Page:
It can be difficult to appreciate the effects of preventative measures, as many of their benefits are not always easily visible. In the case of vaccines, the benefit, although important, is simply that people do not get sick – which may not seem as outwardly impressive to many as it should. Assessing the economic and health advantages of vaccines remains a necessity for very clearly displaying the immense rewards of implementing vaccine programs.
Vaccines continue to be the most cost-effective and efficient methods used in public health. Through the efforts of Gavi, a vaccine alliance, it is estimated that from 2001 to 2020 a staggering 20 million deaths will be prevented and about 500 million cases of illnesses, 70 million hospitalizations and 9 million long-term disabilities will be avoided as well. With a lower disease burden due to vaccines, lower income countries will save a projected $350 million in healthcare costs alone.
Vaccinations also lead to countless social and economic benefits in addition to the expected health benefits. For example, due to the prevention of illnesses, disabilities and death, there would be reduced productivity losses for caregivers and those who avoid disability and death from the vaccine. Those who live longer and healthier offer more value and are able to contribute to society at a higher level. Furthermore, they can also participate in the economy to a higher degree, as they no longer have to pay thousands of dollars for expensive treatment. Additionally, in many developing countries the burden of diseases on society, such as rotavirus and measles, can often be both economically and socially substantial. Countries are forced to invest more money into treatment and care for those affected by dangerous diseases than they would have spent on vaccines – money that could have been used to build infrastructure or expand the economy.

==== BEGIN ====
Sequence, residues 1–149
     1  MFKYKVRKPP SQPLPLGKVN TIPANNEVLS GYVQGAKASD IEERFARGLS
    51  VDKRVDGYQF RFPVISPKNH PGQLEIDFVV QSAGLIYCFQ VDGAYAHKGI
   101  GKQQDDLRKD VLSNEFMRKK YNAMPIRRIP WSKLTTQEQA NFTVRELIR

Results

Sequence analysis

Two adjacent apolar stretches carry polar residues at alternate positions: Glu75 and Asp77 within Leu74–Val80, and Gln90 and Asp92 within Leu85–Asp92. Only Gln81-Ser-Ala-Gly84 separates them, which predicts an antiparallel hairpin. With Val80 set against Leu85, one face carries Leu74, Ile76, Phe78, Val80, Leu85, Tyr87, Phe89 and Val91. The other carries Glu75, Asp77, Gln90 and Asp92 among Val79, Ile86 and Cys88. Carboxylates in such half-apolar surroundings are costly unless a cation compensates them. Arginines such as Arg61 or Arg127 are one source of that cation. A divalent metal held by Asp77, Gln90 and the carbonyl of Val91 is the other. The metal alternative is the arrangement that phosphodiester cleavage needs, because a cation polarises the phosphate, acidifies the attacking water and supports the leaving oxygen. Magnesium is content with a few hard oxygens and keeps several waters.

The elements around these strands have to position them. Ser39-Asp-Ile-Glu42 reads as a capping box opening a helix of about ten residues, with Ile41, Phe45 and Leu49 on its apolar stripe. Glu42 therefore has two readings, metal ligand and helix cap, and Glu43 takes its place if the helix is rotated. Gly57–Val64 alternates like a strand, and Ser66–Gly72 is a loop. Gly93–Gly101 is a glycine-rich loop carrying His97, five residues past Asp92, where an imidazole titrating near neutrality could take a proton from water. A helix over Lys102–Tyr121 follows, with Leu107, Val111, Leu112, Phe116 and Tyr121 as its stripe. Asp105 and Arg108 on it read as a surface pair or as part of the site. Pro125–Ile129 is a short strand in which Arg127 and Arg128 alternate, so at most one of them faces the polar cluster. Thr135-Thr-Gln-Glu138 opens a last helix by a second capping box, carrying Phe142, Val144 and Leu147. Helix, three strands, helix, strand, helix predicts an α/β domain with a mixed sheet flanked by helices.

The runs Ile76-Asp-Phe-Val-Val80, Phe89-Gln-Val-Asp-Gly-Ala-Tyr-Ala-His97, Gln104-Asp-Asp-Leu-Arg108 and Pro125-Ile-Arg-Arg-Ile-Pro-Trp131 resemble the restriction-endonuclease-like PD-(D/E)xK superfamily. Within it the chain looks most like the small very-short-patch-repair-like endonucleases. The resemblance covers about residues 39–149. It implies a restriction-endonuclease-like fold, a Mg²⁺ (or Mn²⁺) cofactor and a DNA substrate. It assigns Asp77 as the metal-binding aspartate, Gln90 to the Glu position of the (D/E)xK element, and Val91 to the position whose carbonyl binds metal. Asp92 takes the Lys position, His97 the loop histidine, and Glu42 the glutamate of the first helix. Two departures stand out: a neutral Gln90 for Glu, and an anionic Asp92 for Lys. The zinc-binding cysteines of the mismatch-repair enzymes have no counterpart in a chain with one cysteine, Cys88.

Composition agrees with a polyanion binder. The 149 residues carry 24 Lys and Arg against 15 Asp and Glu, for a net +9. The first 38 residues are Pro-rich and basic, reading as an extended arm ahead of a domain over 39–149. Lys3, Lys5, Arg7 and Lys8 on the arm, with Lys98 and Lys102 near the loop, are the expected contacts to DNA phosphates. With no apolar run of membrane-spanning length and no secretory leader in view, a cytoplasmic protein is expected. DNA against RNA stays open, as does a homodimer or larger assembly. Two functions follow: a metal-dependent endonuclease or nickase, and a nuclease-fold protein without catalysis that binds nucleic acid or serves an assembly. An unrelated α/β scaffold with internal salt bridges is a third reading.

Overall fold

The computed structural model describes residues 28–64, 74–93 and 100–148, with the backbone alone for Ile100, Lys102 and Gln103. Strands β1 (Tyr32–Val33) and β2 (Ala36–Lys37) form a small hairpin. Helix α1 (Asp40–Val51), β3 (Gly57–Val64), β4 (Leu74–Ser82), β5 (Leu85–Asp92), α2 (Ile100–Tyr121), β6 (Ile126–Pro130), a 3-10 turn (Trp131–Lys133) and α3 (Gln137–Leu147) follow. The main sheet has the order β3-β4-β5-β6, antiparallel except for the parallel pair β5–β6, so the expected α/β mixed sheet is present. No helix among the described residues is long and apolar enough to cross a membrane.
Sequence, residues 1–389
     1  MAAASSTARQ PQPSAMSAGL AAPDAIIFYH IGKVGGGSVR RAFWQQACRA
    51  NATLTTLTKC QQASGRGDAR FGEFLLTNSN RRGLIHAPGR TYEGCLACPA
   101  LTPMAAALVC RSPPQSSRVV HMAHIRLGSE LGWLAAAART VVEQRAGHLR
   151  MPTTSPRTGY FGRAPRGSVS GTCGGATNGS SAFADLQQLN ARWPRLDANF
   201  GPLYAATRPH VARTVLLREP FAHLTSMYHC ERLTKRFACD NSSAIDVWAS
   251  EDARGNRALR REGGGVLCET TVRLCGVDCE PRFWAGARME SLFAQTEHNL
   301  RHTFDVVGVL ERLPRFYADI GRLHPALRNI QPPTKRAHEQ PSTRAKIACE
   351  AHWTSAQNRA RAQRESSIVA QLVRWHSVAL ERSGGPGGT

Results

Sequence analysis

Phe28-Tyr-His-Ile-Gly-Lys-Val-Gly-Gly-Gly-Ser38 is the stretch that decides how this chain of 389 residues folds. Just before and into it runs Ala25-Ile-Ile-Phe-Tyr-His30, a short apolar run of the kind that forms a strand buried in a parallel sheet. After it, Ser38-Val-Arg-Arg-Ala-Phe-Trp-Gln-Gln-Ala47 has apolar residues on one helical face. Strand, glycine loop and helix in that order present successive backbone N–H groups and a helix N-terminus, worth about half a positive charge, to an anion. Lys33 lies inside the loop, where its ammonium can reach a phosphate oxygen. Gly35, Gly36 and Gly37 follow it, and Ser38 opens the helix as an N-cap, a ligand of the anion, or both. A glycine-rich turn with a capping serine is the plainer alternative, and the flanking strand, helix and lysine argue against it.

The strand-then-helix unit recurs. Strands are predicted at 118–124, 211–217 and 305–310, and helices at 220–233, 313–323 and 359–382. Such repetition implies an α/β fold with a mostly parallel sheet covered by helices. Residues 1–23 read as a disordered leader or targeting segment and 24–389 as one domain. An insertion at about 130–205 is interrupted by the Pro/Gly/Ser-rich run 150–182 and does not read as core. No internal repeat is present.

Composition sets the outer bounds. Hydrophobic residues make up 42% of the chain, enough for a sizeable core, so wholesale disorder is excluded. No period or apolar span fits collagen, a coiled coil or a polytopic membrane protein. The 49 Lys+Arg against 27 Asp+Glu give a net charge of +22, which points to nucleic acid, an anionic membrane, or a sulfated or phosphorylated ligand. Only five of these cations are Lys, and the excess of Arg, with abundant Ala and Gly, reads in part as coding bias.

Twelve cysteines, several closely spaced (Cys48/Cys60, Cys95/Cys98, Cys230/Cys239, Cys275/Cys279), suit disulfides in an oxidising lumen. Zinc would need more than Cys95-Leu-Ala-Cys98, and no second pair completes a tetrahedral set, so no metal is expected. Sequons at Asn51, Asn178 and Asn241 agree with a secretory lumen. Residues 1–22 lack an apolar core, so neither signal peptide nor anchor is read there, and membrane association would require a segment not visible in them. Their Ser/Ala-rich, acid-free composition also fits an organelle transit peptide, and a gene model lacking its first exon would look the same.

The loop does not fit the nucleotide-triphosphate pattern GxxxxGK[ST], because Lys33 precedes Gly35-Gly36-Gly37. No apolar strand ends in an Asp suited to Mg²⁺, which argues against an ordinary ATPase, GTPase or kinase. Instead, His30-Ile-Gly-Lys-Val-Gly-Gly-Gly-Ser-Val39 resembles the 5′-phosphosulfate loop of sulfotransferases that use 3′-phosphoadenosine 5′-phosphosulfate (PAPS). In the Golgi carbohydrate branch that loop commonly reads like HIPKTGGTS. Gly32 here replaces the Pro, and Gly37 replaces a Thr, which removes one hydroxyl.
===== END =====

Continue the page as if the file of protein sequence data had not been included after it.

In fact, according to researchers, these additional benefits along with the avoided healthcare costs will translate to a total of $820 billion saved. These values are calculated from the various beneficial effects of 10 different vaccine programs in 73 low- and middle-income countries around the world. Vaccinations for measles, Hepatitis B and bacteria that causes pneumonia and meningitis proved to offer the largest economic return.
One of the most important advantages of large-scale vaccination programs is known as herd immunity. Also called the herd effect and community immunity, the term herd immunity describes a form of indirect protection where vaccinating a large percentage of a group shields the rest of the community from an illness because of the severely reduced opportunity for an outbreak. Those who are unvaccinated as well as those who are unable to be safely vaccinated receive protection, due to the higher likelihood of the chain of infection being disrupted before it reaches them. This phenomenon can be seen in developed countries with high rates of vaccinations, where infectious disease outbreaks seldom run rampant.
Although there has been noteworthy progress made in introducing vaccine programs to countries around the world, UNICEF and the World Health Organization estimate that 19.5 million children still do not have access to basic vaccines, putting them and those around them in danger. These children primarily live in poor households in extremely remote areas, which are hard to reach with humanitarian aid.
There needs to be a significant increase in the effort of governments and societies to not only offer vaccines but also to promote their use for adults and children. Every country in the world can undoubtedly benefit from the various economic and social benefits provided by a strong immunization program.
– Akhil Reddy